issued for your arrest, or if you have to report to start a sentence, it is highly advisable that you follow the rules and turn yourself in. For a warrant, go down to the jail intake area, and let them know that you think they might have a warrant out for your arrest. The officer will verify that you have an outstanding arrest warrant, and if they verify that there is a warrant for your arrest, you will be taken into custody. If you have a jail sentence to serve, go down to the jail at the exact time and date that the sentence order lists. Be sure that you get don’t get there late, or they may decide to arrest you. Just bring things that are allowed when you turn yourself in, such as a driver’s license or photo ID, any prescription medication you might take, along with your doctor’s prescription, and the copy of the sentencing order.

Visitation Procedures

Inmates need to list the name and date of birth of each visitor to the jail in advance of the visit. Your visitor’s information will go in a log of approved visitors as an approved visitor. Each and every visitor will have to provide a photo ID when visiting. Any visitors that gets to visitation or any visitors that are not approved to visit will be turned away.
Visitation procedures are always changing, so you should check the official jail site before you try to go to visitation.

Visiting Hours

Phone Calls & Phone Usage Policy

The only phone calls that inmates are allowed to make are made through a jail approved pre-paid phone account or phone card . Jail phone calls are typically more costly than phone calls made outside of jail. There is no limit to when you can make phone calls, how long you can talk, and how often you can make calls, but bear in mind that a long line can form at the phones, because everyone wants to use the phone, too. If you break the rules and are disciplined, your ability to use the phone may be limited or cut altogether.

The Plymouth County Law Enforcement Center Correctional Facility phone number is: 712-546-4419

Sending Mail to Inmates

Any mail that you send to an inmate has to be sent via the actual US Postal Service, and not courier or delivery, or hand delivered. You must not use any other method of mail or package delivery. You have to write the person’s name, inmate number, and jail address on the letter. Do not send anything in a package, envelope with padding, bag, or an envelope containing metal parts. All mail is opened and examined and read by the officers at the jail, and the mail will get sent back to the person who mailed it if the jail decides it is inappropriate.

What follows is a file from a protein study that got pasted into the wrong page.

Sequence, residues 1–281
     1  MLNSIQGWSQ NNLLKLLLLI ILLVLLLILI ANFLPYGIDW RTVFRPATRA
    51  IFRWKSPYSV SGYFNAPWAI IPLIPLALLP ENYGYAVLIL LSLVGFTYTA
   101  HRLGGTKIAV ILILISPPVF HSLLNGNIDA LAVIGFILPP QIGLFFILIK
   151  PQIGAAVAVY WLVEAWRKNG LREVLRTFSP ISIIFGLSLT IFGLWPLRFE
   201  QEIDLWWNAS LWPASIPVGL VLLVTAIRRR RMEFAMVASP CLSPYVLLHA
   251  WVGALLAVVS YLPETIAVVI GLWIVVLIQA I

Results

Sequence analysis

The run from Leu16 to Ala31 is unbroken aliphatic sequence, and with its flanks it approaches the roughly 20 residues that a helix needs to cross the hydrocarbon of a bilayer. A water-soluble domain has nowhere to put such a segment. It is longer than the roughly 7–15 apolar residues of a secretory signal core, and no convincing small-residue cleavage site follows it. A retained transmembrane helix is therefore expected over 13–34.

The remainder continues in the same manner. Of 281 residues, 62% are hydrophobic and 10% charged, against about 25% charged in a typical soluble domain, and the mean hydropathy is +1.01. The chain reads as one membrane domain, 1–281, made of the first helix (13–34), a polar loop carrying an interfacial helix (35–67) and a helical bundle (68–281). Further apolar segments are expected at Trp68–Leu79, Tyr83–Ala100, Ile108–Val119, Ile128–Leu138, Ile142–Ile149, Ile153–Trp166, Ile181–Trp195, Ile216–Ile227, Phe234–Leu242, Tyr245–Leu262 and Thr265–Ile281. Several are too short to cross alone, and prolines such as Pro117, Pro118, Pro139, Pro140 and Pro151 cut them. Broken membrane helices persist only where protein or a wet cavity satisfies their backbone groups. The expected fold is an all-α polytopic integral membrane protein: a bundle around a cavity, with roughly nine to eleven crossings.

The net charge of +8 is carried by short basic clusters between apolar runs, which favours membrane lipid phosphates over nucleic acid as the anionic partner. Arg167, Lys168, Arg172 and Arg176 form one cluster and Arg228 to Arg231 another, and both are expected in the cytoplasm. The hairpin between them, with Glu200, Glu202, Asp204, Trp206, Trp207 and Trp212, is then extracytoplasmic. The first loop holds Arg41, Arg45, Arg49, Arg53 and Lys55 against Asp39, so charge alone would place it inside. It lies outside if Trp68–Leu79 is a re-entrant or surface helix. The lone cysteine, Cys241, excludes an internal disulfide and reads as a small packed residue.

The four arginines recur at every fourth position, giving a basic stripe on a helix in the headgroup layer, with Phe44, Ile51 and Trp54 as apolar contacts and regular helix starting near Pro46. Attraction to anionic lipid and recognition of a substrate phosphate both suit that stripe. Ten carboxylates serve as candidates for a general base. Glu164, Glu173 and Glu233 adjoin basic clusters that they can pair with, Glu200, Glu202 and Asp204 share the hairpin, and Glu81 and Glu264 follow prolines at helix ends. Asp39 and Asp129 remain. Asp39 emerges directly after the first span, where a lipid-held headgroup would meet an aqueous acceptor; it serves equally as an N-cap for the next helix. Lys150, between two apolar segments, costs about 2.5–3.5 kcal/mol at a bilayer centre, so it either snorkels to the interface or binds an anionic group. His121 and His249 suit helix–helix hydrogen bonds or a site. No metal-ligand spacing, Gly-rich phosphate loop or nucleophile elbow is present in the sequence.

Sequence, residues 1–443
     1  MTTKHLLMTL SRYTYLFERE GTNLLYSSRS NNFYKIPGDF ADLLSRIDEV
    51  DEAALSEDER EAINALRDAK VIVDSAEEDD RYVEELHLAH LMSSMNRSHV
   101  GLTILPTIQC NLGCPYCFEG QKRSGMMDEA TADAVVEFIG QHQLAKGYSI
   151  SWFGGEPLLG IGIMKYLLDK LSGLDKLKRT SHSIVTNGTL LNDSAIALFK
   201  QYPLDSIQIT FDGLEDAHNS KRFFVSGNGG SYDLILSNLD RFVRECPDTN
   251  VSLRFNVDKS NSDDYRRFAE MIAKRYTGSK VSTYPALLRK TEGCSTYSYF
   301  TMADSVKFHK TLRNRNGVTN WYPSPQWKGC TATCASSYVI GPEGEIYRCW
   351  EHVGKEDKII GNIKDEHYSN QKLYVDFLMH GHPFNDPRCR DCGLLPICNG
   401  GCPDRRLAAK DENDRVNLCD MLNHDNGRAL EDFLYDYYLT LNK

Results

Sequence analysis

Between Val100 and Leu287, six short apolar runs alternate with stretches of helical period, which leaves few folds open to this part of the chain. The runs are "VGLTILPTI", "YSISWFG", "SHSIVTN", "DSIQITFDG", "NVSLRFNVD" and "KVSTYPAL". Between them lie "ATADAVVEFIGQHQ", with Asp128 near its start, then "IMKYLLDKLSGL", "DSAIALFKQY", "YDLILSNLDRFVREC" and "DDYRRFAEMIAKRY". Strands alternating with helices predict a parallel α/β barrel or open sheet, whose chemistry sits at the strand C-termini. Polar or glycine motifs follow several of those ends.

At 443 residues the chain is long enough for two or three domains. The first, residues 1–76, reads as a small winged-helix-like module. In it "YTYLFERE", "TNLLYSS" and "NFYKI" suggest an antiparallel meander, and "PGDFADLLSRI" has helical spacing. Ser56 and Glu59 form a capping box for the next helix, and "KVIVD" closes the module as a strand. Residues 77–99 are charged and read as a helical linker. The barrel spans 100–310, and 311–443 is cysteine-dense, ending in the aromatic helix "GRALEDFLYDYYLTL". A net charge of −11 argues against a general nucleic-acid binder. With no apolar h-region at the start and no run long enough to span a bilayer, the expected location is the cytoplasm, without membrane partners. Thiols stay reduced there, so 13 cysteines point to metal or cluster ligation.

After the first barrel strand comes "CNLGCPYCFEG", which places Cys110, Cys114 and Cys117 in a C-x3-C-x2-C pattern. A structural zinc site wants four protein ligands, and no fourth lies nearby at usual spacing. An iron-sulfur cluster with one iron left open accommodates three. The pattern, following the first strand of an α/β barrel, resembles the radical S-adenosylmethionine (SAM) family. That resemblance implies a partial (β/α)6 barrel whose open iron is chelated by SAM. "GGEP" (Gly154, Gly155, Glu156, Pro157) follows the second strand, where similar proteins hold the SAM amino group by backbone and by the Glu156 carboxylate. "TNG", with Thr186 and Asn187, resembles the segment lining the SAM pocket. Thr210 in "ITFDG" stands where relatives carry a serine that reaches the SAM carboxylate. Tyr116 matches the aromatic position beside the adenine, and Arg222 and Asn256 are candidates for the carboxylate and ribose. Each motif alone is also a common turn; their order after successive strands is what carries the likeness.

Mailing Address

The address that you should use if you are sending a letter to an inmate at Plymouth County Law Enforcement Center Correctional Facility is:

Plymouth County Law Enforcement Center Correctional Facility
451 14Th Avenue Ne
Le Mars, IA 51031

Here is how you should address the letter:

[INMATE'S FULL NAME]
[INMATE ID]
Plymouth County Law Enforcement Center Correctional Facility
451 14Th Avenue Ne
Le Mars, IA 51031


The inmate mail policy at Plymouth County Law Enforcement Center Correctional Facility changes, so we suggest that you review the official Plymouth County Law Enforcement Center Correctional Facility site before you send a letter to an inmate there.


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Court Information

Get A Lawyer

Even if you’ve been arrested, you have rights, the first of which is the right to request a lawyer. Remember that you may be limited to the amount of phone calls you can make, so it is important to ask a friend or family member to locate a lawyer for you. You might be thinking ‘do I really need a lawyer?’ While you are not required to have one, a criminal attorney can advise you of your rights, help protect your best interests and guide you through the criminal justice system that you are now faced with. The faster you get a lawyer involved with your criminal case, the better off you’ll be.

For more detailed information on this subject, click: How to Find a Lawyer in Plymouth County

Public Defender

If you’ve been arrested and cannot afford a lawyer, a Public Defender will be assigned to you. The Public Defender is staffed by independent investigators, experts in forensics and social case workers. All Public Defenders are full-fledged lawyers that are members of the Iowa State Bar and are legally licensed to practice law in Iowa.